A Vision Architecture

A Vision Architecture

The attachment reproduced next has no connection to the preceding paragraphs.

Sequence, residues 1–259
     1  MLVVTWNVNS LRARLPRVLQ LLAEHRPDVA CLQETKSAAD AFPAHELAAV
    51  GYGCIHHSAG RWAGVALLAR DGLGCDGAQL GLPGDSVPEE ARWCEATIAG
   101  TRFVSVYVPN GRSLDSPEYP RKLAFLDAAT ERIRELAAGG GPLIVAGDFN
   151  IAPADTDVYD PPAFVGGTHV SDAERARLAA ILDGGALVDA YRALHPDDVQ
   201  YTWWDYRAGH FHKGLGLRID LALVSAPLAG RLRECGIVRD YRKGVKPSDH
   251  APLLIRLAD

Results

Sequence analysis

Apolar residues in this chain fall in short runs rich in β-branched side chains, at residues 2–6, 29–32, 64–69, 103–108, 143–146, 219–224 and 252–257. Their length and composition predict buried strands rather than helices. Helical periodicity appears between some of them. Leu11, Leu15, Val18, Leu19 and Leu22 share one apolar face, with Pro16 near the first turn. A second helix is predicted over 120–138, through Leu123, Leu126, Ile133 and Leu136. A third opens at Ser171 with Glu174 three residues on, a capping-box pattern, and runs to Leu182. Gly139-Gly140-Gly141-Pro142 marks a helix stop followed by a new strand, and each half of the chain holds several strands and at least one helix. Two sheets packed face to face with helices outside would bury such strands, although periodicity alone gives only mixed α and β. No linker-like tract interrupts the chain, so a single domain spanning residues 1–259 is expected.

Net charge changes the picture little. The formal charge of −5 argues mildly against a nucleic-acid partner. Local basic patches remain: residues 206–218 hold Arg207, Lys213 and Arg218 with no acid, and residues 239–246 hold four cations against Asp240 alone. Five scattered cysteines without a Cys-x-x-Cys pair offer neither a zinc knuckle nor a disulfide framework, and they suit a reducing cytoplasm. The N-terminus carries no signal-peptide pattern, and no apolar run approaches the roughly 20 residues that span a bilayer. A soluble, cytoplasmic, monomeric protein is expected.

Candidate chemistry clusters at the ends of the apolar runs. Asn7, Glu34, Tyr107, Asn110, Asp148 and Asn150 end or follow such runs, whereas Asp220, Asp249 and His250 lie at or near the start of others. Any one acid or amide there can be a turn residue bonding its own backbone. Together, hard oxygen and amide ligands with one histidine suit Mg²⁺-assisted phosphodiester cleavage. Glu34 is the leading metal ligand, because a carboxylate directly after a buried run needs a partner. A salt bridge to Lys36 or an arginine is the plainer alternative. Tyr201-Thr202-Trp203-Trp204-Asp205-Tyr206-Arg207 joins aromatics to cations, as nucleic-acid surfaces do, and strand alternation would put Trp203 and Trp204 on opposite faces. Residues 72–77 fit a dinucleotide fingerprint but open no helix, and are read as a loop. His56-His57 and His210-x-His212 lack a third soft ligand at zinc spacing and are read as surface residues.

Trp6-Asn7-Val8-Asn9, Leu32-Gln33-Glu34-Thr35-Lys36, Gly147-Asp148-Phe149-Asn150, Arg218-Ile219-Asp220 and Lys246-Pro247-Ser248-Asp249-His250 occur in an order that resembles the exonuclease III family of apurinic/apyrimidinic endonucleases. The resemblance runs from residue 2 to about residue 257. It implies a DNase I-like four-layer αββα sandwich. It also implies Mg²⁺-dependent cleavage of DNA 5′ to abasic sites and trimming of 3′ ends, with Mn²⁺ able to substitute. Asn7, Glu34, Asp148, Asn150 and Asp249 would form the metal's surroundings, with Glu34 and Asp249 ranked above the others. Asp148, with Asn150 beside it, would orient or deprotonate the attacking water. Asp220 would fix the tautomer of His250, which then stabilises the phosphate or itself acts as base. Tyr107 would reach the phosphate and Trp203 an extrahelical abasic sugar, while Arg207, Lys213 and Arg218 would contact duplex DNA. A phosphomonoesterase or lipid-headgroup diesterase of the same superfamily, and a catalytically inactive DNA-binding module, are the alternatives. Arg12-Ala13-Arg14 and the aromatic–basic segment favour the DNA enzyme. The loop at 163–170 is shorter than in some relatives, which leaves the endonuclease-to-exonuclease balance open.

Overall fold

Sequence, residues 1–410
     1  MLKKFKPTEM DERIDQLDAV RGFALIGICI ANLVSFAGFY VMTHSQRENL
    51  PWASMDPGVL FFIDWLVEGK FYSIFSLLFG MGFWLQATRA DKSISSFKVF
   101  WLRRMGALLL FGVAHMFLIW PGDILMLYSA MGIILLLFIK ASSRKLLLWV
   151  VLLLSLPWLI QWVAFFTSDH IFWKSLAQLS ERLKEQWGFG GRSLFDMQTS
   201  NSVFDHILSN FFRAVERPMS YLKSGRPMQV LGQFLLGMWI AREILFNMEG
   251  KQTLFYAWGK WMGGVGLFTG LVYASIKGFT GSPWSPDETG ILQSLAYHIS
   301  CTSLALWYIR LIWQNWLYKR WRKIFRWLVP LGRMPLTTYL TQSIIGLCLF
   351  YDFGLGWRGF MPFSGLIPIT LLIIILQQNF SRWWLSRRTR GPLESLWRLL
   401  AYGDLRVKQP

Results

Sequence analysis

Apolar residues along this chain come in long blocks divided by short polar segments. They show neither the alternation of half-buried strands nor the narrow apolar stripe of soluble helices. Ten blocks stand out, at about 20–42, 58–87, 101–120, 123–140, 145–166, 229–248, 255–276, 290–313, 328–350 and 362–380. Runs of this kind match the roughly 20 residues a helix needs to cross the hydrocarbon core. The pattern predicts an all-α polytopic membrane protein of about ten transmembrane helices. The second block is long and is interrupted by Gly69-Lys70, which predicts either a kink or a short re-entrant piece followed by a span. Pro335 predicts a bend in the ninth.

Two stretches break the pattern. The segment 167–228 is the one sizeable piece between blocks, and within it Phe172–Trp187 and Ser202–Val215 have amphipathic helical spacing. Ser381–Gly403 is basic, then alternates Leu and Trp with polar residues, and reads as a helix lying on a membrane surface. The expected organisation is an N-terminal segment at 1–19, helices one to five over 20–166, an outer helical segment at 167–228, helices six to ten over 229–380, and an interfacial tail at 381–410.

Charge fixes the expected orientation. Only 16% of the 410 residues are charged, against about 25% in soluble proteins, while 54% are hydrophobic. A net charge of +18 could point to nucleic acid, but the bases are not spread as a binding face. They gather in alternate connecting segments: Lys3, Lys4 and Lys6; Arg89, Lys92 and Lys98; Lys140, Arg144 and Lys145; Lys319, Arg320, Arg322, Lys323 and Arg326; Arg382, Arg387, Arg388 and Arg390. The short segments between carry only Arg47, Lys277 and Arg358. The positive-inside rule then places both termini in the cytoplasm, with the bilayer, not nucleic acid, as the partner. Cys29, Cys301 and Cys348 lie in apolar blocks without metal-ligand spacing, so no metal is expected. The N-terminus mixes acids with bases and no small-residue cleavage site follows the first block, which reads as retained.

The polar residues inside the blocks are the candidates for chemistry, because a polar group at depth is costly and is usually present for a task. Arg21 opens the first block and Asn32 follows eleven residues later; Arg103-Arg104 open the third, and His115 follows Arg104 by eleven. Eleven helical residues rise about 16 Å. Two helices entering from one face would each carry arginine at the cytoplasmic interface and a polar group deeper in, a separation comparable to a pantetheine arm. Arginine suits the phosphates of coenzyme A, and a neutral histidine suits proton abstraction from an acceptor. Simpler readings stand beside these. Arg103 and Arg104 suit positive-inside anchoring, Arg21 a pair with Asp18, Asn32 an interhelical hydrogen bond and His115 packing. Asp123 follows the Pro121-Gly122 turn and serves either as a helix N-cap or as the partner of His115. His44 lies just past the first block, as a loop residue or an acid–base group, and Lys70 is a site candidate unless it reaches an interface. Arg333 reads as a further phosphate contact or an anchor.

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  A Vision Architecture Christoph von der Malsburg  Frankfurt Institute for Advanced Studies malsburg@fias.uni-frankfurt.deKeywords:Vision, r!hite!ture, "er!eption, Memorybstra!t:#e are offering a parti!ular interpretation $well within the range of e%perimentally and theoreti!ally a!!epted notions& of neural !onne!tivity and dynami!s and dis!uss it as the data-and-pro!ess ar!hite!ture of the visual system. 'n this interpretation the permanent !onne!tivity of !orte% is an overlay of well-stru!tured networks, (nets), whi!h are formed on the slow time-s!ale of learning by self-intera!tion of the network under the influen!e of sensory input, and whi!h are sele!tively a!tivated on the fast per!eptual time-s!ale.  *ets serve as an e%pli!it, hierar!hi!ally stru!tured representation of visual stru!ture in the various sub-modalities, as !onstraint networks favouring mutually !onsistent sets of latent variables and as pro+e!tion mappings to deal with invarian!e. INTRODUCTION he performan!e of human visual per!eption is far superior to that of any !omputer vision system and we evidently still have mu!h to learn from  biology. "arado%i!ally, however, the fun!tionality of neural vision models is worse, mu!h worse, than that of !omputer vision systems. #e blame this shortfall on the !ommonly a!!epted neural data stru!ture, whi!h is based on the single neuron hypothesis $arlow, /01&. #e propose here a radi!ally new interpretation of neural tissue as data stru!ture, in whi!h the !entral role is played by stru!tured neural nets, whi!h are formed in a slow  pro!ess based on synapti! plasti!ity and whi!h !an  be a!tivated on the fast psy!hologi!al time-s!ale. his data stru!ture and the attendant dynami!  pro!esses make it possible to formulate a vision ar!hite!ture into whi!h, we argue, many of the algorithmi! pro!esses developed in de!ades of !omputer vision !an be adapted. STRUCTURED NETS lthough we live in a three-dimensional world,  biologi!al vision is, to all we know, based on 21.3-dimensional2 representations, that is, two-dimensional views enri!hed with lo!al depth information. he vision modality has many sub-modalities 4 te%ture, !olour, depth, surfa!e !urvature, motion, segmentation, !ontours, illumination and more. ll of these !an naturally be represented in terms of lo!al features tied together into two-dimensional (nets) by a!tive links. *ets are naturally embedded in two-dimensional manifolds and have short-range links between neurons. *eural sheets, espe!ially also the primary visual !orte%, !an support a very large number of nets by sparse lo!al sele!tion of neurons, whi!h are then linked up in a stru!tured fashion $see 5ig. &. 6iven the !ell-number redundan!y in primary visual !orte% $e%!eeding geni!ulate numbers by estimated fa!tors of 78 or 38& there is mu!h !ombinatorial spa!e to define many nets. hese nets are formed by statisti!al learning from input and by dynami! self-intera!tion. 'n this way a distributed memory for lo!al te%ture in the various modalities !an be stored already in retinal !oordinates, that is, in primary visual !orte%.  1#e would like to stress here the !ontrast of this mode of representation to the !urrent paradigm. o !ope with the stru!ture of the visual world, a vision system has to represent a hierar!hy of sub-patterns, (features). 'n standard multi-layer per!eptrons $for an early referen!e see 5ukushima, /98& all features of the hierar!hy are represented by neurons. #hat we are proposing here amounts to repla!ing units as representatives of !omple% features by lo!al pie!es of net stru!ture tying together low-level feature neurons $or (te%ture elements), neurons representing the elementary features that are found in neurophysiologi!al e%periments in primary visual !orte%&. his has a number of de!isive advantages. 5irst, stru!tured nets represent visual patterns e%pli!itly, as a two-dimensional arrangement of lo!al te%ture elements. e!ond, as alluded to above, large numbers of nets !an be implemented on a !omparatively narrow neural basis in a !ombinatorial fashion. hird, partial identities of different patterns are taken !are of by partial identity of the representing pie!es of net stru!ture. 5ourth, a whole hierar!hy of features !an be represented in a flat stru!ture already in primary visual !orte% $a shade of neurophysiologi!al eviden!e for the lateral !onne!tions between neurons surfa!es in the form of non-!lassi!al re!eptive fields, see llman et al. /93&. 5ifth, nets that are homeomorphi! to ea!h other $i.e., !an be put into neuron-to-neuron !orresponden!e su!h that !onne!ted neurons in one net !orrespond to !onne!ted neurons in the other& !an a!tivate ea!h other dire!tly, without this intera!tion having to be taught, see below. ACTIVATION OF NETS ;n!e lo!al net stru!ture has been established by learning and self-intera!tion, the a!tivation by visual input takes the following form $see 5ig. &. he sensory input sele!ts lo!al feature types. <a!h feature type is $at least in a !ertain ideali=ation& represented redundantly by a number of neurons with identi!al re!eptive fields. ets of su!h input-identi!al redundant neurons form (units). #ithin a unit there is an inhibitory system indu!ing winner-take-all $#& dynami!s $only one or a few of the redundant neurons surviving after a short time&. he winners in this pro!ess are those neurons that form  part of a net, that is, whose a!tivity is supported by lateral, re!urrent input. his pro!ess of sele!tion of the input-a!tivated neurons that happen to be laterally !onne!ted as a net is an important type of implementation of dynami! links: although the !onne!tions are a!tually stati!, nets are dynami!ally a!tivated by sele!tion of net-bearing neurons. 5or another type see below.>o!al pie!es of net stru!ture !an be !onne!ted like a !ontinuous mosai! into a larger net. his may  be !ompared to the image-!ompression s!heme in whi!h the te%ture within lo!al blo!ks of an image is identified with a !ode-book entry $only the identifying number of the !ode-book entry being transmitted&. GENERATION OF NETS  *et stru!ture in primary visual !orte% is shaped  by two influen!es, input statisti!s and self-intera!tion. ;ne may assume that the geneti!ally generated initial stru!ture has random short-range lateral !onne!tions. 'n a first bout of organi=ation re!eptive fields of neurons are shaped by image statisti!s, presumably under the influen!e of a sparsity !onstraint $;lshausen and 5ield, //?&. 'n this period the # inhibition may not yet be a!tive, letting neurons in a unit develop the same re!eptive field. hen, the network be!omes sensitive to the statisti!s of visual input within somewhat larger pat!hes $the s!ale being set by the range of lateral !onne!tions& and pie!es of net stru!ture are formed by synapti! plasti!ity strengthening !onne!tions between neurons that are often !o-a!tivated and #-sele!ted, while net stru!ture is optimi=ed by the interplay between $spontaneous or indu!ed& signal generation and ebbian modifi!ation of synapti! strengths under the influen!e of a sparsity !onstraint . MODALITIES Aifferent sub-modalities $te%ture, !olour, depth, motion, ..& form their own systems of net stru!ture, that is, representations of lo!al patterns that are statisti!ally dominant in the sensory input. <a!h modality is invariant to the others and has its own lo!al feature spa!e stru!ture with its own dimensionality, three for !olour, two for in-plane motion, one for $stereo-&depth, perhaps B8 for grey-level te%ture and so on. Aifferent values of a given feature dimension are represented by different neurons, or rather units !ontaining a number of value-identi!al neurons. Aifferent value-units of the same feature dimension, forming a (!olumn), inhibit ea!h other, again in # fashion.  LATENT VARIABLES everal units standing for different values of a sub-modality feature may be simultaneously a!tive to varying degree. hey may be seen as representing different hypotheses as to the a!tual value of the feature dimension. hese a!tivities thus represent heuristi! un!ertainty, whi!h during the per!eptual  pro!ess needs to be redu!ed to !ertainty. 'n distin!tion to !omputer graphi!s, reali=ed as a deterministi! pro!ess pro!eeding from definite values of all involved variables determining a s!ene, vision is an inverse problem, in whi!h these values first have to be found in a heuristi! pro!ess that is inherently non-deterministi!. he initially unknown uantities are !alled latent variables. he task of the  per!eptual pro!ess is the iterative redu!tion of the heuristi! un!ertainty of latent variables $(per!eptual !ollapse)&, whi!h is possible by the appli!ation of !onsisten!y !onstraints and known memory patterns. 5igure : Combinatorially many nets !o-e%ist within a !orti!al stru!ture $s!hemati!&. Dnits $verti!al bo%es& are sets of neurons with identi!al re!eptive field. Visual input sele!ts a sparse subset of units $verti!al arrows&.  *eurons within units have # dynami!s. he winner neurons are those that are supported by lateral !onne!tions from neurons in other sele!ted units. >ateral !onne!tions form a net stru!ture.  neuron !an be part of several nets, thus, many nets !an !o-e%ist. CONSISTENCY CONSTRAINS #hereas the winner neurons within units are sele!ted by the pattern-representing lateral !onne!tions $whi!h may be !alled (hori=ontal nets)&, thus fa!toring in memory patterns, the winner unit inside feature !olumns are sele!ted by another kind of net stru!ture, (verti!al nets), whi!h  are formed by !onne!tions running between value units in different sub-modalities.  verti!al net ties together feature value units that are !onsistent with ea!h other, !onsistent in the sense of signals arriving at a unit over alternate pathways within the net as well as sensory signals agree with ea!h other. >ike the net stru!tures representing memory for lo!al feature distribution, !onsisten!y nets are established by a !ombination of learning from sensory input and self-intera!tion. INTRINSIC COORDINATE DOMAIN o far, we have spoken of stru!ture in primary visual !orte%, whi!h is dominated by retinal !oordinates, that is, image lo!ation !hanges with eye movements. ll lo!al te%ture representation must therefore be repeated for all positions. $his is  possible only for a limited number of lo!al te%ture  pat!hes, !omparable to the si=es of !odebooks in image-!ompression s!hemes&. 'n order to store and represent larger !hunks of visual stru!ture, su!h as for re!urring patterns like familiar ob+e!ts or abstra!t whole-s!ene lay-outs, there is another domain, see 5igure 1, presumably infero-temporal !orte%, in whi!h neurons, units and !olumns refer to pattern-fi%ed, intrinsi! !oordinates. $5or the stru!ture of fibre pro+e!tions between the retinal-!oordinate and the intrinsi!-!oordinate domains see below.& he intrinsi! domain !an be mu!h more parsimonious then the retinal one in not needing to repeat net stru!tures over the whole visual field, so that it !an afford to spend more redundan!y in ea!h intrinsi! lo!ation to be able to store a very large number of  pattern-spanning nets. lso the intrinsi! domain !ontains sub-stru!tures for the representation of sub-modalities, and again there are nets for the representation of mutual !onstraints between the sub-modalities. hus, the two domains are ualitatively the same but uantitatively very different. DYNAMIC MAPPINGS he two domains with retinal and intrinsi! !oordinates are !onne!ted by dynami! point-to-point and feature-to-feature fibre pro+e!tions that !an be swit!hed as ui!kly as retinal images move, so that !orresponden!e between homeomorphi! stru!tures is maintained. his swit!hing is a!hieved with the help of (!ontrol units) $nderson and Van<ssen, /90&. hese !an be reali=ed as neurons whose outgoing synapses are !o-lo!ali=ed with the synapses of the pro+e!tion fibres they !ontrol at  Bdendriti! pat!hes of the target neurons. 'f those  pat!hes have threshold properties, the pro+e!tion fibres !an transmit signals only if also the !ontrolling fibre is a!tive. he hypothesis that dendriti! pat!hes with non-linear response properties are a!t as de!ision units has been proposed long ago, see for instan!e $"olsky et al. 188B&. 5igure 1: ;verview of the r!hite!ture. <a!h plane !orresponds to one sub-modality, on the left side in retinal !oordinates $primary visual !orte%&, on the right side in  pattern-intrinsi! !oordinates $infero-temporal !orte%&.  segment in the retinal-!oordinate domain is pro+e!ted by dynami!al mappings to the intrinsi!-!oordinate domain. Constraint intera!tions that help to single out mutually latent variable values run between !orresponding points $whi!h refer to the same point on a surfa!e within the visual s!ene&.  !ontrol neuron may, like any other neuron, re!eive synapti! inputs $e.g., by re-afferent signals that !an in this way swit!h pro+e!tion fibres su!h as to !ompensate an intended eye movement&, but they also may get e%!ited through their !ontrol fibres. #e assume that these !arry signals that are  proportional to the similarity of the signal pattern in the !ontrolled pro+e!tion fibres on the one hand and the signal pattern in the target neurons on the other. $"ro!esses of !ontrol neurons would thus transmit and   re!eive signals and should !orrespondingly be !alled neurites.& Aifferent !ontrol units stand for different transformation parameters $relative position, si=e or orientation of !onne!ted sets of neurons in the two domains& and may be responsible for !onne!ting a lo!al pat!h in one domain to a lo!al pat!h in the other. he set of !ontrol units for different transformation parameters for a given pat!h in the target domain form a !olumn with # dynami! and represents transformation parameters as latent variable. 'n order to !over deformation, transformation parameters may !hange slowly from  point-to-point in the target domain, and an entire !oherent mapping is represented by a net of laterally !onne!ted !ontrol units $again, units !ontain a number of redundant neurons to give leeway for many nets to be stored side-by-side without mutual interferen!e&.  SEGMENTATION Vision is organi=ed as a seuen!e of attention flashes. Auring ea!h su!h flash, analysis of sensory input is restri!ted to a segment 4 a !oherent !hunk of stru!ture 4 e.g., to the region in retinal spa!e that is o!!upied by the image of an ob+e!t. >ike per!eption in general, segmentation is a hen-and-egg problem, segmentation needing re!ognition, re!ognition needing segmentation. Certain patterns indi!ative of a !oherent stru!ture are already available in primary !orte%, su!h as the presen!e of !oherent fields of motion, depth or !olour, or familiar !ontour shapes. ;thers, however, need referen!e to patterns stored in the intrinsi! !oordinate domain. 5or this to happen, two types of latent variables have to be made to !onverge first, the transformation parameters identifying the segmentEs lo!ation and si=e in the retinal-!oordinate domain, and the identity of stru!ture of a fitting model in memory. #e have modelled this pro!ess for the purpose of ob+e!t re!ognition, whi!h we tested su!!essfully on a  ben!hmark, observing rather fast !onvergen!e $referen!e suppressed for anonymity& . 'n general, the intrinsi! representation of the segment !annot be found in memory but needs to be assembled from  partial patterns $+ust as the e%tended te%ture in  primary !orte% is assembled from lo!al te%ture  pat!hes&. Con!eiving of ob+e!ts as !omposites of known elementary shapes is a well-established !on!ept $iederman, /90&. his pro!ess of assembly takes pla!e in a !oordinated fashion in the different sub-modality modules. he de-!omposition and re-!omposition of sensory patterns is the basis for a very parsimonious system of representing a large !ombinatorial universe of surfa!es of different shape, !olouring te%ture under a range of illumination !onditions and in different states of motion. RECOGNITION he a!tual re!ognition pro!ess of a pattern in the retinal !oordinate domain against a pattern in the intrinsi! domain may be seen as a pro!ess of finding a homeomorphi! pro+e!tion, or graph mat!hing,  performed by many !ontrol neurons simultaneously !he!king for patterns similarity while !ompeting with alternate !ontrol neurons and !ooperating with !ompatible ones $!ompatible in the sense of forming together a net stru!ture&. Fe!ognition by graph mat!hing has a long tradition, see for instan!e $Kree and Gippelius, /99& or $>ades et al., //7&.  related approa!h is $rathorn, 1881&, who has  pointed out the value of the information inherent in the shape of the mapping, whi!h is produ!ed as a by- produ!t. PREDICTION ;n!e this pro!ess has !onverged for a moving  pattern and its motion parameters have also been determined, the system !an set the fibre pro+e!tion system in motion to tra!k the ob+e!t and send short-term predi!tions of sensory input down from the model in the intrinsi! domain to the primary !orte%. u!!essful predi!tion of sensory input on the basis of a !onstru!ted dynami! model is the ultimate basis for our !onfiden!e in per!eptual interpretations of the environment, and is very important for the ad+ustment of !onstraint intera!tions. ONGOING WOR AND NE!T STEPS #e are at present working on a simple version of the ar!hite!ture, implementing the modalities grey-level $the input signal&, surfa!e refle!tan!e, illumination, depth, surfa!e orientation and shading, all reali=ed in image !oordinates. #e are manually !reating !onstraint intera!tions between them and a small number of lateral !onne!tivity nets. he goal is to model the per!eptual !ollapse on simple sample images. o suppress the tenden!y of the system to  break up spontaneously into lo!al domains $generating spurious latent-variable dis!ontinuities& we are working with !oarse-to-fine strategies. s we are embedded in a lab that is engaged in an effort to build a !omputer vision system by methods of systems engineering, we plan to adapt more and more known vision algorithms into the ar!hite!ture. CONCLUSION ll we are proposing is to re-interpret neural tissue and dynami!s su!h as to see them as the natural basis for the stru!tures and pro!esses that are reuired for vision. he essential point is the assumption that neural tissue is an overlay of well-stru!tured (nets), whi!h are !hara!teri=ed by sparsity in terms of !onne!tion per neuron and !onsisten!y of different pathways between pairs of neurons. "arti!ular supporting assumptions are